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PSYCH 1X03 (1,058)
Joe Kim (989)

Psych lecture

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Joe Kim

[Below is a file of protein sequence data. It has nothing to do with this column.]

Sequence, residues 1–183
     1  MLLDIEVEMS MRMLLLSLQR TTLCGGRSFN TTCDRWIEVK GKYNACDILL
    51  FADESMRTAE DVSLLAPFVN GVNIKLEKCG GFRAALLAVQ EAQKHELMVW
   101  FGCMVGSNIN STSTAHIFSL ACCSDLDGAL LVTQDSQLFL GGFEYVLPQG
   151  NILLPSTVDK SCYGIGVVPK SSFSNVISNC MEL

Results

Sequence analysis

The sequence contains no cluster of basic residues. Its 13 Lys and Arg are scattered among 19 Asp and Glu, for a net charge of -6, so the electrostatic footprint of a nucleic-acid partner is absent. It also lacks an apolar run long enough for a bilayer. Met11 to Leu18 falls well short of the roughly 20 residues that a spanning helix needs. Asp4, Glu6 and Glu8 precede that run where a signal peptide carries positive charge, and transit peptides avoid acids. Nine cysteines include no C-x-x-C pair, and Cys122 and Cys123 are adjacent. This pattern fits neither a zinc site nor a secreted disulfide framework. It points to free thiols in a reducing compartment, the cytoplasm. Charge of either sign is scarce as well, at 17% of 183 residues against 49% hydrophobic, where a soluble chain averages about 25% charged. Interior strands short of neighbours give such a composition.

Psychology: 1X03 Problem Solving and Intelligence Operational Definition of Intelligence  The researcher Edwin Boring has provided perhaps the most straight forward definition of intelligence: intelligence is whatever intelligence tests measure. ( This falls to capture important cognitive features of intelligence Intelligence:  The cognitive ability of an individual to learn from experience, reason well, remember important information, and cope with he demands of daily living MODOULE 2: Problem Solving  one task that captures the elements of our operational definition of intelligence is problem solving  Psychologists are interested in understanding the strategies you use to solve problems to gain insight into human intelligence EX. if someone tells you it's going to rain then you will come up with the conclusion that the wet will soon be wet (COME TO CONCLIOUS BASED ON IDEA) EX. If you wake up and realize the group is wet then you will determine it rained over night ( GENERATE IDEA BASED ON FACT) Insight Problems: DEFINE: Functional Fixedness  out difficulty seeing alternative uses for common objects -- > produces the same result if one person takes it multiple times ---> a valid test measures only the trait it is supposed to be measuring Francis Galton  Galton`s goal was to formally quantify intelligence in an unbiased manner  he managed to come up with an elegant solution: he recorded how quickly subjects could response to sensory motor tasks by their reaction time. He equated faster reaction times with higher intelligence.  whether or not it was valid measurement of intelligence is questionable, but it was an unbiased and reliable measure Standford-Binet Intelligence Test  was hired by the French ministry of public instruction to develop a tool that would help to indentify public school children who needed special education. In 1905 he produced first intelligence scale which needed 30 tasks in everyday life. ( Children were asked to name parts of the body, compare lengths and wrights and to name objects in pictures and define words) It was assumed that all of these tasks involved reasoning. Different versions of the test had questions according to age group so all children could be tested using standardized intelligence test.  a few yrs later a scientist from Stanford uni lewin terman further adapted the same and renamed it.  He found that when people did good on intelligence tests they did good on the following on the chart and he categorize it as "G"  he believed that only individuals with a minimum level of "G" should be able to vote, and should be able to reproduce  The influential concept of "G" remains the controversial today as it did then  each type of intelligence is independent from the others so you can be brilliant in variable intelligence yet lacking in musical intelligence  his ideas quickly gained in popularity and today the idea of MI is a popular idea in mainstream culture  some researchers have argued that it ignores Spearman`s findings that people who do well on one type of intelligence test are likely to do well on others  the scales are standardized to produce an intelligence quotient from each individual. IQ scoring is based on results of large samples of individuals who have taken the test  the tests are standardized so that someone who achieves
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